Colorado voters sent a clear message to political leaders regarding the Taxpayers Bill of Rights: Don’t touch our refunds.
Proposition CC, a ballot measure referred by the state Legislature, would have allowed the state to keep tax revenue collected in excess of inflation and population growth, to the tune of hundreds of millions of dollars annually.
Source. Refurbish. Distribute. Support. That’s the four-step approach undertaken by PCs for People, a nonprofit established in 1998 committed to leveling up digital equity and digital inclusion for kids, families, individuals and organizations in Colorado and across the nation.
As of 12:03 p.m. Wednesday, Prop CC was trailing, with 54.91 percent against, or 754,517 votes, and 44.09 percent in support, or 619,524 votes. The measure was leading in Boulder and Broomfield counties, with Larimer and Weld counties opposed.
The measure would have allocated the money in thirds — to fund higher education, K-12 schools and transportation — with annual audits showing how the funds were spent.
But voters appeared reluctant to give the state authority to retain funds collected above the rate of inflation and population growth, which under the 2012 Taxpayers Bill of Rights must be returned to voters.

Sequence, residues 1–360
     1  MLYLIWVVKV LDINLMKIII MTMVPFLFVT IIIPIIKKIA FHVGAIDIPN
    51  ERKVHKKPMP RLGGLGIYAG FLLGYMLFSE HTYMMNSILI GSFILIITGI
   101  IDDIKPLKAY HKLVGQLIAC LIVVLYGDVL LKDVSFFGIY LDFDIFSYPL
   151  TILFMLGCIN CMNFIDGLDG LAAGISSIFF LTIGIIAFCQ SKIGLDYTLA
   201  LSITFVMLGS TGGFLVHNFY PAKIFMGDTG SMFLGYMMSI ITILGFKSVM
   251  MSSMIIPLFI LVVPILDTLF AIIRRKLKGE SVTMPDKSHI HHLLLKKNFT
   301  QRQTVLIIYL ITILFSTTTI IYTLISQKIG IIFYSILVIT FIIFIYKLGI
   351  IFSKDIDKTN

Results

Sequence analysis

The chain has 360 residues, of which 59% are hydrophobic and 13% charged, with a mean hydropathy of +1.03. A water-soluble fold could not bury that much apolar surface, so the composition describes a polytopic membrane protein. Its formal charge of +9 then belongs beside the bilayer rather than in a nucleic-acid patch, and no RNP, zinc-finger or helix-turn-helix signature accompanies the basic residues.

Proposition CC split the state’s business community, receiving endorsements from the Denver Metro Chamber of Commerce, the Boulder Chamber and the Longmont Chamber of Commerce and other organizations. Chambers of commerce in Fort Collins, Greeley and Loveland did not take a position on the measure, but some business leaders around the state argued against ceding excess revenues back to the state.
Media to endorse the measure included the Aurora Sentinel, BizWest, the Boulder Daily Camera, the Colorado Springs Business Journal, the Colorado Springs Independent, the Durango Herald, the (Grand Junction) Daily Sentinel, the Greeley Tribune, the La Junta Tribune-Democrat and the Steamboat Pilot & Today, while opponents included The Denver Post.